Wednesday, May 7, 2014

Silently Struggling

I have been sharing my Book of Mormon reading notes (most of them) with a dear friend who is reading the book for the first time.  In it, she catches a glimpse of my soul that likely no one else sees right now.  She certainly can tell something of my struggles, if not their shape and size.

While sharing my notes with her chapter by chapter (thanks to the iPad App - marvelous invention that it is), I have also been reading a bit of the criticisms of Mormon mommy blogging versus other mommy bloggers.  Those not of my faith believe they paint an unrealistic picture of motherhood, only sharing the sunny side.

Technically, I fall into the species of a Mormon Mommy Blogger (MMB) (I think?).  And I know I am prey to the criticisms - in talking to a dear friend recently, she said that by my blog posts, you would never know of my struggles. 

Why do I and other MMB feign to share our struggles? Do the answers lie in personality, Mormon culture, or Mormon doctrine?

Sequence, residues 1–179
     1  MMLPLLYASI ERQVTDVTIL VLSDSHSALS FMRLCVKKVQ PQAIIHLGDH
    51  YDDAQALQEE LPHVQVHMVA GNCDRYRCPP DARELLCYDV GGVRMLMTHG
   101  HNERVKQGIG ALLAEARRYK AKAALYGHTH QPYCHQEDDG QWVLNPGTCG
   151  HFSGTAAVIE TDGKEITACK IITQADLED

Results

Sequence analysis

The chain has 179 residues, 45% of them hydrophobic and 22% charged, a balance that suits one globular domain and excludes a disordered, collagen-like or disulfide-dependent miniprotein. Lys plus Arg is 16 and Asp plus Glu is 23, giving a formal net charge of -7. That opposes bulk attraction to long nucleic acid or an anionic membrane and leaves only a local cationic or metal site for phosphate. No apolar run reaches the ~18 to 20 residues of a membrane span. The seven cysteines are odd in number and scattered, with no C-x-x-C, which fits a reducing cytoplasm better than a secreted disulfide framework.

D) All of the above.  

The cultural side has a doctrinal underpinning - perfection.  We are challenged by the Savior to "Be ye therefore perfect," and we often try to undertake this challenge on our own.  What in other Mormon generations may have produced what I call "Relief Society" voice, or a certain soft, vacuous voice appropriate for small children but leveled at adults with equal impunity, in my generation produces all-sunshine blogs. It's probably pride, pride nurtured by culture, that prevents sharing a less-than-perfect side.  Sometimes called perfectionism. Not necessarily a good thing.

However, the doctrinal reasons may be more flattering.  We believe in a very personal and private relationship with the Savior.  We are taught that our most important doctrines generally are sacred, not secret.  We are also counseled to apply doctrines to our lives in a personal way.  Too, we believe in a personal relationship with both the Savior and the Holy Ghost (and our Heavenly Father, all of whom we believe are separate personages) who teach us in quiet, reflective moments. 

I for one work out my salvation with fear and trembling, usually on my knees or in the quietude I attempt to create during my morning study.  In these quiet spaces, I can find the Lord and am tutored in a more excellent method of suffering.  These experiences are some of my most sacred.  I share them only as prompted. 

Sometimes, it means I share them here.  Hopefully I can strike a balance in following promptings rather than fear in sharing my struggles appropriately.

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